Press Release 01/100
FAO: FOOD SITUATION IN SOMALIA IS DETERIORATING FAST - IN THE GREAT LAKES REGION 2,5 MILLION PEOPLE LIVE IN MISERY AND HUNGER - OVERALL FOOD SUPPLY IN SUB-SAHARAN AFRICA BETTER THAN A YEAR AGO
Rome, 13 December - Many countries in Sub-Saharan Africa are still facing serious food shortages due to natural and man-made disasters, although the overall food supply situation is generally better than it was a year ago, the UN Food and Agriculture Organization (FAO) said in a new issue of its Africa report (Food supply situation and crop prospects in sub-Saharan Africa) issued today.
Somalia is of particular concern, as the food situation is rapidly deteriorating following a sharply reduced 2001 main season harvest, the lowest in the last seven years, due to drought, the report said. An estimated 800 000 people are experiencing food difficulties, with 300 000 people mainly in southern regions threatened by starvation and in urgent need of food assistance. Recent heavy rains in neighbouring Ethiopian highlands have caused an overflow of rivers in southern Somalia, displacing large numbers of people and aggravating the already serious food supply situation.
The continuing ban on livestock imports from eastern Africa by countries along the Arabian Peninsula due to Rift Valley fever is causing substantial loss of income, particularly in northern Somalia. The ban imposed in September 2000 is estimated to have cost the country hard currency earnings amounting to US$120 million. In addition, remittances from Somalis living abroad have been curtailed by the recent closure of the Al-Barakaat money transfer company, which channelled millions of dollars into the country.
In the Great Lakes region, over 2.5 million internally displaced people in the Democratic Republic of Congo, who are largely inaccessible to humanitarian agencies due to insecurity, live in misery and hunger. The on-going conflict continues to disrupt agricultural activities. In the south-eastern province of Katanga, the rate of children malnutrition is reported to be alarmingly high with 11 children dying daily. The nutritional situation remains serious throughout the country, including in Kinshasa and other urban centres. Elsewhere in the region, the food supply situation has improved considerably in Burundi and Rwanda.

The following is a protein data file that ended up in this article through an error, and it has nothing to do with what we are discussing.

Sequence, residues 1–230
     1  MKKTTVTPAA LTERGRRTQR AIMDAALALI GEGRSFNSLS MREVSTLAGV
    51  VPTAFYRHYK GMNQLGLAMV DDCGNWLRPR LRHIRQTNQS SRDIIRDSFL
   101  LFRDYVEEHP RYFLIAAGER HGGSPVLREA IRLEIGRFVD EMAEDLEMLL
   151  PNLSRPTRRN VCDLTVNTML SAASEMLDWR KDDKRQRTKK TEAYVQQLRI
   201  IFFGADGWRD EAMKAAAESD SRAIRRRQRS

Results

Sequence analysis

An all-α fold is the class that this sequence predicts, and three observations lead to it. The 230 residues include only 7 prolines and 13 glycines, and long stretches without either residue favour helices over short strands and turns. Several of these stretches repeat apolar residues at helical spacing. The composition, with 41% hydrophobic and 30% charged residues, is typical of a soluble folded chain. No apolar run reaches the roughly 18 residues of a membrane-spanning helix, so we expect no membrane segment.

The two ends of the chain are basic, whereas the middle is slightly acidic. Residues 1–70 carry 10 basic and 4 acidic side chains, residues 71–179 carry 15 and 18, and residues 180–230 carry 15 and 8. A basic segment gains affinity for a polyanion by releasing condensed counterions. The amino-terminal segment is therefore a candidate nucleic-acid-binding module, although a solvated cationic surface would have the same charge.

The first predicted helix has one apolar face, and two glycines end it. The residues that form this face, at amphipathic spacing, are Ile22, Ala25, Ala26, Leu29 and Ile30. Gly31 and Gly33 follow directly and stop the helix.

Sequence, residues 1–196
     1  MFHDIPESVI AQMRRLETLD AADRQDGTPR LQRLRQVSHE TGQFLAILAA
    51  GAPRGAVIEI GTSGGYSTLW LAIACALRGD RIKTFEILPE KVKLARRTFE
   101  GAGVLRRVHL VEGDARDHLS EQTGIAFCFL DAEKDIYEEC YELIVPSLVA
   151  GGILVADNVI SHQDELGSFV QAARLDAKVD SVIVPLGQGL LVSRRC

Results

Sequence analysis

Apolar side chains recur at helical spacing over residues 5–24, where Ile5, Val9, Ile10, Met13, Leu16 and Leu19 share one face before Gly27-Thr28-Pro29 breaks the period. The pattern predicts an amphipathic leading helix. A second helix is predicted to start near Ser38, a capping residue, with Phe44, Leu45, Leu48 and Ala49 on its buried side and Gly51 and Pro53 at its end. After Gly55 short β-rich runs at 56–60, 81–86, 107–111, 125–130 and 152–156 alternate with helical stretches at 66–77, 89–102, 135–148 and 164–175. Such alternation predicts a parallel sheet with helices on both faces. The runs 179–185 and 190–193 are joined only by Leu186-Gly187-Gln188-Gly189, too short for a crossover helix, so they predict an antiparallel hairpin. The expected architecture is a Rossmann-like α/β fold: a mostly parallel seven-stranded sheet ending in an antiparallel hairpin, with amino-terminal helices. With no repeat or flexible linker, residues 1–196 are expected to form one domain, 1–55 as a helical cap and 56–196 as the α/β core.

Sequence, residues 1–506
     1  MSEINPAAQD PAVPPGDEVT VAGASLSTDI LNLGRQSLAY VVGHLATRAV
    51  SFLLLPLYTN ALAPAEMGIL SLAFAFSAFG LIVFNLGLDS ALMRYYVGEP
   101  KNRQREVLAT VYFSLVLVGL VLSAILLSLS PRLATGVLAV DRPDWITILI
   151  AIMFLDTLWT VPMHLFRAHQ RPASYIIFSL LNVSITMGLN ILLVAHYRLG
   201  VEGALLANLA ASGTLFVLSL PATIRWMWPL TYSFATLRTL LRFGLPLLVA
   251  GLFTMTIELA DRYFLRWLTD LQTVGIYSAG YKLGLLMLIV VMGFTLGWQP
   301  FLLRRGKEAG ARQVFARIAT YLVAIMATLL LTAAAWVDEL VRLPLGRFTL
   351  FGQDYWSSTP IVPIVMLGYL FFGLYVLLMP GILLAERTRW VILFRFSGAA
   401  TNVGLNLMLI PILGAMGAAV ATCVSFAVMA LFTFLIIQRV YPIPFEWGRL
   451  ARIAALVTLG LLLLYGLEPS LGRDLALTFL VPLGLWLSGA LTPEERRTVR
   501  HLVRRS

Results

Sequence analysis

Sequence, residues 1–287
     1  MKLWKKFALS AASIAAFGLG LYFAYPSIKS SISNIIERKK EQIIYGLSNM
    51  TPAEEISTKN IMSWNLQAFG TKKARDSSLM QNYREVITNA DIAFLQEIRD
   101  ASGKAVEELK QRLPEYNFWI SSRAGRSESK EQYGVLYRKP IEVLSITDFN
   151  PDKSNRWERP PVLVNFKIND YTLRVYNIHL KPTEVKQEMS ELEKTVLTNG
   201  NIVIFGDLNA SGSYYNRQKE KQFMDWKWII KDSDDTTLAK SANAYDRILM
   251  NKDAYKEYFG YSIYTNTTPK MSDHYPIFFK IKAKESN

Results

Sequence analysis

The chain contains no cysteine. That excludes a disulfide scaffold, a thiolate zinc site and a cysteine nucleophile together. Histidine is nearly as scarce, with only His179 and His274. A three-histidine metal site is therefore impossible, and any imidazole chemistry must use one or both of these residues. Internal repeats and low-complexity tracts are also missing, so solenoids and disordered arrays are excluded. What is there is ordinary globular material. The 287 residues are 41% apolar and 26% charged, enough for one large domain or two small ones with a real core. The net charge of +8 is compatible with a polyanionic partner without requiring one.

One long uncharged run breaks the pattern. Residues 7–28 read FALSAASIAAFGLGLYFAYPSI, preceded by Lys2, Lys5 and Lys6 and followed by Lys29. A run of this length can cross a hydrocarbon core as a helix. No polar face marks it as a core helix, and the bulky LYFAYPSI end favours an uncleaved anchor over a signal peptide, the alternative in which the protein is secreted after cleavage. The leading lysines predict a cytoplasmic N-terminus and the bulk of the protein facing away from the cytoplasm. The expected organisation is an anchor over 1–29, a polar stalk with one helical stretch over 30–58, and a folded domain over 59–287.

In eastern Africa, the food situation has markedly improved compared to last year. In Eritrea, Ethiopia, Kenya, Sudan, Tanzania and Uganda, good harvests have been realised or are in prospect, reflecting favourable weather conditions. However, pastoral populations in Ethiopia and Kenya continue to depend on food assistance due to drought conditions that have persisted for the past three years. In Eritrea, food assistance continues to be needed for more than 50 000 displaced people. In Ethiopia, serious food shortages and migration of people and livestock are reported in the pastoral areas due to persistent drought.
In southern Africa, the food situation is tight and food shortages are being reported in several countries. In Zimbabwe, serious food difficulties are reported in the south, east and extreme north where production was reduced by dry weather or excessive rains. Around 705 000 people in rural areas are at risk of food shortages. In addition, 250 000 people in urban areas are experiencing food difficulties due to a sharp increase in food prices, while some 30 000 farm workers have lost their jobs and are left without means of subsistence.
At the national level, stocks are being depleted. The Government has made arrangements to import 150 000 tonnes of maize but the grain has not yet reached the country. The food supply situation could further deteriorate next year as planting of the 2002 maize crop, now underway, is likely to be disrupted following a Government decree authorising the seizure of commercial farms targeted for acquisition. Losses of export earnings and intensification of economic difficulties are also anticipated as commercial farmers reduce production.
In Angola, food assistance is needed for 1.34 million internally displaced and vulnerable people. Malawi and Zambia have announced large orders of maize imports. In Mozambique, despite a good harvest, food assistance will be needed for about 100 000 people affected by dry weather. In Botswana, Lesotho, Namibia and Swaziland, where cereal production was poor, food difficulties are anticipated for many households. In Madagascar, the overall food supply situation has improved following a bumper paddy harvest and large carryover stocks.
The long-running complex emergencies in Angola and the Democratic Republic of Congo need to be given greater attention in order to find solutions that will bring much needed relief for the suffering populations of these countries, FAO said.
In western Africa, bumper cereal crops have been harvested in the Sahel. This will allow replenishment of farmers'and government stocks. Record harvests are estimated for Burkina Faso, The Gambia and Niger, while above average crops are estimated for Chad, Mali and Senegal. However, prospects are less favourable in Cape Verde, Mauritania and Guinea-Bissau as compared to last year. In the coastal countries, food supplies remain tight in Guinea, Liberia and Sierra Leone due to the impact of recent civil conflicts.
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The report is available on the Internet at: http://www.fao.org/giews/english/eaf/eaftoc.htm